Review by Logan
Comic book series and shows operate on a certain unspoken rule of immunity. No matter how strong the villain, no matter how antagonistic the police, it’s always understood that the hero will be okay. He might get beaten and bruised and left for dead, but he won’t actually die. The police might believe lies about him, and might chase after him, but he won’t get caught. No matter what happens, he’ll be right back out on the street next issue. And because of this unspoken rule, it’s the stories that rebel in this regard that go down as the best and most creative stories. The Death of Superman. Spider-Man No More. Batman: Knightfall. In like manner, it’s when Arrow breaks this rule, or at least flirts with it, that the show breaks out of its mid-season slump and delivers a truly impactful episode.
(Spoilers, as usual)
Ra’s al Ghul’s threat to turn the city against Oliver is becoming ever more real. Not stopping at killing innocent people in the Arrow’s suit, the League kills the mayor, and nearly kills Ray Palmer, taking the final step in truly turning the city against the Arrow. If there was any hesitation in the police force before, the assassination of the mayor certainly sends them over the edge. With Captain Lance leading the largest manhunt in the history of the city, Oliver has to wonder if his crusade was ever worth it.
But rather than repeating the mistakes of previous episodes, the show doesn’t return again to a resolved internal conflict. Oliver has made up his mind and is sticking to it; rather the conflict is quite simply how Oliver can squeeze his way out of this one. What’s the result? He can’t.
What we have is a story that’s more plot-driven than character-driven, but I’m okay with that. The show’s quality has suffered when it has tried too hard to be a drama, failing to recognize that while dramatic elements add to the strength of a show, it’s quite simply an action series, and it delivers on that front, featuring one of the best choreographed fights of the season as Arrow, Arsenal, and the Black Canary take on the League, and a kind of thrill we’ve rarely seen since season one with the team on the run from the police.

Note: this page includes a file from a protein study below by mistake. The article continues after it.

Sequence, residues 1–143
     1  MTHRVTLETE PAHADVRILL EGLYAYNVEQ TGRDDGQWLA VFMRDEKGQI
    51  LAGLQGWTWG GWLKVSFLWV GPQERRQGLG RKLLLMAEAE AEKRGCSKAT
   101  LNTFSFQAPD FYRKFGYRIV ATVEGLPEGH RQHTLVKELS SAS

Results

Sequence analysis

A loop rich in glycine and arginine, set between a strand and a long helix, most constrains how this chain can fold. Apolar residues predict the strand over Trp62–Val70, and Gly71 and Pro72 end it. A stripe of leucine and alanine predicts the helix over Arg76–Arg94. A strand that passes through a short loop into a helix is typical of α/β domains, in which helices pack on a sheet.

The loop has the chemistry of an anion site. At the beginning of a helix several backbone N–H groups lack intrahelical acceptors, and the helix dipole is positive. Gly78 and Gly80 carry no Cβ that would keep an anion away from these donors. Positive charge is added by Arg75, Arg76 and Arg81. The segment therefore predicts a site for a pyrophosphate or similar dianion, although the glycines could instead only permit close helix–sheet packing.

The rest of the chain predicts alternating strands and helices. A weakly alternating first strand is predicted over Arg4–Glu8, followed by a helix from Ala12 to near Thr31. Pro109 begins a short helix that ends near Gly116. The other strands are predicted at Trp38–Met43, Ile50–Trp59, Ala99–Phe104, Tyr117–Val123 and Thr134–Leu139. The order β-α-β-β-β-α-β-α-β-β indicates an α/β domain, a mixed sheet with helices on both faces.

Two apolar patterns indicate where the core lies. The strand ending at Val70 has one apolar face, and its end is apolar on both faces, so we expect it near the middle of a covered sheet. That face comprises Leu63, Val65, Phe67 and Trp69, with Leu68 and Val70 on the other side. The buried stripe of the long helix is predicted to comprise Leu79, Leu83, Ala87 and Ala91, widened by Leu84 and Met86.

In addition to giving us the best episode that we’ve seen in a while, it also gives a much-needed cumulative effect: it gives credibility to this incarnation of Ra’s al Ghul. He came right on the heels of Manu Bennett’s Deathstroke, who is arguably the best villain in the TV genre, and even a top contender when you include comic book movies. From his first appearance, Matthew Nable didn’t have quite the same commanding presence as Bennett, nor that of Liam Neeson’s incarnation in Chris Nolan’s Dark Knight trilogy. But what he lacked in charisma has now been established through writing. I originally didn’t like the slow progression of the season’s plotline with the League, finding it unlikely and tedious for Ra’s to wait so long to act. But now, the actions of the character, established over a longer period, are showing just what he can do. Make no mistake about it, Ra’s is a legitimate villain.
All of this brings me to the closing moments of the episode. Following the events of the fight and chase, it’s clear that Oliver has met his match. With no other recourse, he determines to turn himself in, left with nowhere to run from the cops, and unwilling that any more innocent people should die on his account. That’s when a new question is raised: what about Oliver’s friends?
They won’t let him rot in prison, that’s what. The level of sacrifice shown by his friends at the end of the episode reminds me of John 15:13: “Greater love has no one than this, that someone lay down his life for his friends.” The level of concern that Roy, Diggle, Felicity, and Laurel show for Oliver is remarkable, and it adds a new level of depth to the show that I hope is expounded upon.
Lest you think that the episode is perfect, I will point out that there’s an instance of brief partial nudity, and Oliver’s confrontation with Maseo is a bit lacking. But the crux of the episode is much better than we’ve seen in a long time, and starts a momentum that I hope continues throughout the rest of the season.